Coles Farmers’ Fund is anything but a fund for farmers by farmers


The Coles Farmers’ Fund is perfect material for a stand-up comedian really.

Step 1. Using your massive market power, you send the price of milk down, down, down and dismiss the pleadings of farmers as ignorance.

Step 2. Next, you secure a 10-year deal with MG to source cheap milk while saying it’s a great deal for farmers.

Step 3. When history brings MG’s credibility to its knees and farmers down with it, consumers fall out of love with cheap milk and Coles. So what do you do?:

a) respond by restoring the price of milk to sustainable levels; OR
b) maintain the discount on milk and begin a “Down, down…” campaign targeting cheese as well; OR
c) come up with a farmer-endorsed PR stunt that costs you nothing but wins you back sales lost to branded products?

Well, bless you Coles. Presented with the easy option of permanently fixing the problem you created with solution a) you’ve instead gone with a devilish combination of b) and c).

Call me an ungrateful, whingeing farmer but…
I think I have cause for concern. The Coles Farmers’ Fund has been designed by Coles marketing executives for Coles, not farmers:

  • The cheap milk has brought the value of all milk down (check the numbers for yourself in my previous post) and no more milk is sold today than before Coles drove the price down. This Farmers’ Fund will do nothing to address the cause of the problem.
  • Only a few farmers will be awarded any funding – not the thousands who need a fair price.
  • The fund only applies to farm improvements and, this year, most farmers are in survival mode – money is needed to pay the basic bills. Farmers simply need to be paid a proper price for their milk.
  • A group of unnamed VFF people will decide who receives the funds. Transparency and accountability is sorely lacking.
  • Only the consumers who care about farmers will buy this milk, so it’s likely to further damage branded milk sales, redirecting sales straight back to Coles.

Contempt for dairy leaders
And it didn’t even matter that the peak dairy bodies were apparently opposed to the stunt: Coles simply gazumped the United Dairy Farmers of Victoria and Australian Dairy Farmers by garnering endorsement by the VFF. A stunning coup for Coles. A sickening own goal by the VFF.

Call me an ungrateful, whingeing hypocrite of a farmer but…
After first deciding against applying to the Farmers’ Fund, I changed my mind.

Fellow farmer Dianne Bowles argued convincingly that as many farmers as possible should apply, demonstrating the need for support and the value that even small change for a supermarket can have on farm. So there, it’s done.

This may have been a very expensive blog post for me and my family but one I simply had to write. If I get funding, I’ll be quick to let you know.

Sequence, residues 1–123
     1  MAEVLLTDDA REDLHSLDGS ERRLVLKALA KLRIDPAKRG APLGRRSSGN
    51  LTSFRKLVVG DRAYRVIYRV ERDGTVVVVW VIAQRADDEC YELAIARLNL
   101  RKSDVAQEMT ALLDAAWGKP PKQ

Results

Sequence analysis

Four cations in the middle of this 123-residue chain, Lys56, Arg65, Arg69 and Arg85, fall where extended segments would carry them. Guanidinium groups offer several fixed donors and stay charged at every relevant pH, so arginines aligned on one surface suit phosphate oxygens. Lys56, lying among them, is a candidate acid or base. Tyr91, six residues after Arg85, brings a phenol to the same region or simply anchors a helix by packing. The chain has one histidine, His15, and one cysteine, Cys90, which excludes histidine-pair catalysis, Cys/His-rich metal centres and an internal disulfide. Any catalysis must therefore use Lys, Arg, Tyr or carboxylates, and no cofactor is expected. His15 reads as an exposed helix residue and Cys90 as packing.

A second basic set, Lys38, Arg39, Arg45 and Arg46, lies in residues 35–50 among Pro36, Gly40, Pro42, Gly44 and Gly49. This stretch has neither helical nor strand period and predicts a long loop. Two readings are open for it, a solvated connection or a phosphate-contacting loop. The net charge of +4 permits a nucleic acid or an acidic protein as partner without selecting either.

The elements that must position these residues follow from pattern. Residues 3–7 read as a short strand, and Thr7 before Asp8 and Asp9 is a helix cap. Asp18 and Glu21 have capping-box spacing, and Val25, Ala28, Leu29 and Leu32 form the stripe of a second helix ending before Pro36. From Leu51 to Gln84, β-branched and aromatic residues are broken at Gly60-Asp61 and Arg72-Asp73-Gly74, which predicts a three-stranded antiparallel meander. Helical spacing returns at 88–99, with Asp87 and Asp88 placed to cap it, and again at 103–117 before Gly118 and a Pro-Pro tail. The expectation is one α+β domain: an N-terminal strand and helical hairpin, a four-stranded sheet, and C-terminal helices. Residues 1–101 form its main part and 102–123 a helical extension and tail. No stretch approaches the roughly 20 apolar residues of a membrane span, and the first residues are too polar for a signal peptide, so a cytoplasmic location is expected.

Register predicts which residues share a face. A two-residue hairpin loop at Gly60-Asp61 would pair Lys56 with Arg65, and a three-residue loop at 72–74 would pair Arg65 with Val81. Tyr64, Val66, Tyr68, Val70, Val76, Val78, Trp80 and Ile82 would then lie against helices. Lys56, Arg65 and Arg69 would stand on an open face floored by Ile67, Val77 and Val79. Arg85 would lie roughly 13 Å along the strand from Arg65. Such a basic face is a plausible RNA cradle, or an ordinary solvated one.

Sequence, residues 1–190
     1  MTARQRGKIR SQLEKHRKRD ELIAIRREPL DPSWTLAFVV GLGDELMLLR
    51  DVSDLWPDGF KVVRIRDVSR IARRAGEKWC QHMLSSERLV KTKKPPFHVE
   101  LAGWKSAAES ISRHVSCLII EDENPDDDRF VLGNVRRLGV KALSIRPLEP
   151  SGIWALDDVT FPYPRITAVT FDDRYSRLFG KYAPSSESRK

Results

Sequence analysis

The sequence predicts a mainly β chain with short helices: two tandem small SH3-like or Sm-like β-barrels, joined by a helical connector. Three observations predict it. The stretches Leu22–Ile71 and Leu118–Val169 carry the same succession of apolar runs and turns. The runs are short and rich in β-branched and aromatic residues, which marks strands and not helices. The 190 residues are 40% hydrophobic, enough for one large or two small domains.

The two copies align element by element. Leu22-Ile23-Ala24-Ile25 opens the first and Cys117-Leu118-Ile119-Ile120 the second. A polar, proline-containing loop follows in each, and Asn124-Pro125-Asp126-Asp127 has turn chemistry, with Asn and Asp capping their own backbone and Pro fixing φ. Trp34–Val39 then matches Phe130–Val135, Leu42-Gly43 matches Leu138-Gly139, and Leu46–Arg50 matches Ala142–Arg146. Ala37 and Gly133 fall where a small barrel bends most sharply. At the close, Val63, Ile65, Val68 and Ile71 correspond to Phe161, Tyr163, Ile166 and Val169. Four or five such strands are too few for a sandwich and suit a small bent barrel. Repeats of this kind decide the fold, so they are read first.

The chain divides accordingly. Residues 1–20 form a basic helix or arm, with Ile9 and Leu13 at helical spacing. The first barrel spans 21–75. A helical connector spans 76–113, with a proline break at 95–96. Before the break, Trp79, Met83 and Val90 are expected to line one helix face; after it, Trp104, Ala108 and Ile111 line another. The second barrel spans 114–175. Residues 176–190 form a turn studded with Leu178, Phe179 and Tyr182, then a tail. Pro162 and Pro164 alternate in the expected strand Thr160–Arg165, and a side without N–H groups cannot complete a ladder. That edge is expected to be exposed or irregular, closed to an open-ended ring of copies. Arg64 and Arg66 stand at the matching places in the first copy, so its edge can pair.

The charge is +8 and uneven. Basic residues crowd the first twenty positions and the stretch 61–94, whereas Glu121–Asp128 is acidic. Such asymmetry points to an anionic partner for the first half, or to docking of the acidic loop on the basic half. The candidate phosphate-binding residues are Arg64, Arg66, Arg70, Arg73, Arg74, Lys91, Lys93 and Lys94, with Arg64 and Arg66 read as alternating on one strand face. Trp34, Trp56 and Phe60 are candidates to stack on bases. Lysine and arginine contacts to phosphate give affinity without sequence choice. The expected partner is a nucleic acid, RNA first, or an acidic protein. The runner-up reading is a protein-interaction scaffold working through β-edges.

UPDATE 26/10/16: I was astonished to receive a preliminary email today advising that our farm has been successful with its application. If you haven’t already submitted an application, I highly recommend you do for the next round. Thank you to the VFF committee for approving our project.

Help for our dairy farmers and their cows

There certainly is light at the end of the financial tunnel for dairy farmers but many are still finding the going incredibly difficult.

I’m a tough old stick but there have been times in the last few months where things unravelled a bit before I could piece myself together again, so I know how it feels first-hand. For me, the saving grace has been to get help from our expert farm consultant, Neil, and build an action plan to insulate the cows from the fodder shortage.

It’s gone beyond that for some farmers who are in desperate positions. I asked Dairy Australia’s issues manager, Julie Iommi, what the dairy farming representative bodies are doing to help.

1. Anyone wishing to donate fodder or funds to buy fodder – please contact the UDV/VFF on 1300 882 833. Want to help but have no hay of your own? Farmer mental health dynamo, Alison Fairleigh, has linked her handy blog to “Buy a Bale“, an initiative of Aussie Helpers, where anyone can donate time or money for fodder to go to people who are in dire straits.

2. VFF, supported by ADF, is pushing the state government to immediately review the resourcing to the Rural Financial Counselling network to ensure they have the capacity to deal with current demand.

3. VFF, supported by ADF, has asked the state and federal governments to introduce the low interest loan support program immediately.

4. The state and federal governments have also been requested to review other forms of emergency support immediately.

5. VFF and ADF are also pushing the state and federal agriculture Ministers to meet the bank sector to encourage them to continue to take the long-term view when assessing their support of farm businesses.

Dairy Australia is promoting the Taking Stock program, which can help dairy farmers review their individual situations and create their own action plans – Julie says there are still around 50 spots available.

DA also has good info on its site about coping with fodder shortages.

Last of all, if you know someone who might be battling to stay afloat, why not drop them a line, phone or do the good old-fashioned thing and turn up with a cake? It might be just the lifeline they need without you ever knowing it.